Preparing For The Test
We live in the golden age of ham radio, and anyone wanting to get licensed has a massive number of resources available to study for any level of testing.
Generally speaking, there are two ways to go when preparing for the test. You can either find a course which would often be run by a local ham radio club, or you can self-study.
The American Radio Relay League (ARRL) has many resources to help you start your self-study journey, but it is far from the only option.
Websites, podcasts, YouTube Channels, Apps, books, etc., are available to you in your quest to become a licensed Amateur Radio operator.
One of the best ways I have found to study is to take practice tests and then use all your wrong answers as a guide for areas that you need to study.
For example, I would use an app to take randomly generated practice tests from the question pool, which helped me focus my studies on areas where my knowledge was weak.
You will be tested by volunteer examiners (VE). These ham radio operators volunteer their time to test those who want to become hams. The ARRL website contains resources for finding a VE near you.
VEs started testing online during the pandemic, and we did the same thing here in Canada. This is a convenient option if you find it available to you because you can do the test from the comfort of your home.
I took my test from my dining room table in 2020, and the process was very comfortable and straightforward. After you successfully pass the test, the VEs will submit the necessary documents to the FCC, and the FCC will issue you an Amateur Radio callsign.
The callsign that you will receive will be unique to yourself and be a combination of numbers and letters. These callsigns are not chosen randomly.
Instead, they are structured to provide information about where the holder of the callsign was licensed and the class of license they hold.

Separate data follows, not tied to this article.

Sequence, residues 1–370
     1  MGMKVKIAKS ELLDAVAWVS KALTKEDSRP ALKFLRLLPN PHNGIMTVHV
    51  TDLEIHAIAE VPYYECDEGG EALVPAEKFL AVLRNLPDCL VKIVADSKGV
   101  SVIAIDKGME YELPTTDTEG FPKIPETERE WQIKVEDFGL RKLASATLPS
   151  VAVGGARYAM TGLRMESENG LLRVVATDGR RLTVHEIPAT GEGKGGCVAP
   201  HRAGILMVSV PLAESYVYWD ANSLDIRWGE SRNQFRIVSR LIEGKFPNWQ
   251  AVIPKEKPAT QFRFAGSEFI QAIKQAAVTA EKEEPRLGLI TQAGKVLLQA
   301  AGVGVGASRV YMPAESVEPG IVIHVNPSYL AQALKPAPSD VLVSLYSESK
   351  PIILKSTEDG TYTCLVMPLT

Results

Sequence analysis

Callsigns in the United States are a one or two-letter prefix followed by a number that denotes the region and then a one to three-letter suffix.
My Experience Getting A Ham Radio License
I studied for and passed the Basic Amateur Radio Qualification here in Canada. Because I scored above 80 percent, I am granted privileges to all Amateur Radio bands, similar to the General class license in the United States. The test we take in Canada is a 100-question test.
In my study efforts, I used a textbook and an app that randomly generated tests from the question pool. One of the best resources that I found was YouTube. During my studies, I encountered many topics that I found confusing.
A quick search of YouTube inevitably brought up dozens, if not hundreds, of videos offering in-depth explanations of what I was confused about.
Many ham radio-related podcasts often have episodes devoted to the questions you might have or the topics you need clarification on. One such podcast that I found very helpful was the Ham Radio Crash Course Podcast and YouTube Channel; they answered almost all my ham radio-related questions.
It doesn’t matter what emergency you are preparing for; an Amateur Radio license should be considered as essential as food, water, shelter, and protection.
My time in the military taught me that the quality and effectiveness of communications could make or break an operation. Never underestimate the importance of comms; ineffective comms absolutely will get people killed.